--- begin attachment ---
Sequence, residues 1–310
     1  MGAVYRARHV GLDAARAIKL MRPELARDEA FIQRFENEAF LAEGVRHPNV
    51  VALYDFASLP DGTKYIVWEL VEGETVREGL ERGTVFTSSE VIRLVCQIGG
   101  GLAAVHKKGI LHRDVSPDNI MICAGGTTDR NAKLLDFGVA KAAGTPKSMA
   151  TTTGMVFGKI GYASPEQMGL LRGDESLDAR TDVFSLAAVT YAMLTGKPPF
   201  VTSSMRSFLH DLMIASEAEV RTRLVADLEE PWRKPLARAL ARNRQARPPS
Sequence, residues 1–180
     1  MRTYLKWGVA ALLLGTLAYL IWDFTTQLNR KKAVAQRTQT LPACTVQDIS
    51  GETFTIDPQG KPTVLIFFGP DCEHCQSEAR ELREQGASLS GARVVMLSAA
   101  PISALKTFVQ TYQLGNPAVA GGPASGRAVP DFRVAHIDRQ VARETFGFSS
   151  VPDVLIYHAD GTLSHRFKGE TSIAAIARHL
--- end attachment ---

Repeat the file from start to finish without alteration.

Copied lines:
Sequence, residues 1–310
     1  MGAVYRARHV GLDAARAIKL MRPELARDEA FIQRFENEAF LAEGVRHPNV
    51  VALYDFASLP DGTKYIVWEL VEGETVREGL ERGTVFTSSE VIRLVCQIGG
   101  GLAAVHKKGI LHRDVSPDNI MICAGGTTDR NAKLLDFGVA KAAGTPKSMA
   151  TTTGMVFGKI GYASPEQMGL LRGDESLDAR TDVFSLAAVT YAMLTGKPPF
   201  VTSSMRSFLH DLMIASEAEV RTRLVADLEE PWRKPLARAL ARNRQARPPS
Sequence, residues 1–180
     1  MRTYLKWGVA ALLLGTLAYL IWDFTTQLNR KKAVAQRTQT LPACTVQDIS
    51  GETFTIDPQG KPTVLIFFGP DCEHCQSEAR ELREQGASLS GARVVMLSAA
   101  PISALKTFVQ TYQLGNPAVA GGPASGRAVP DFRVAHIDRQ VARETFGFSS
   151  VPDVLIYHAD GTLSHRFKGE TSIAAIARHL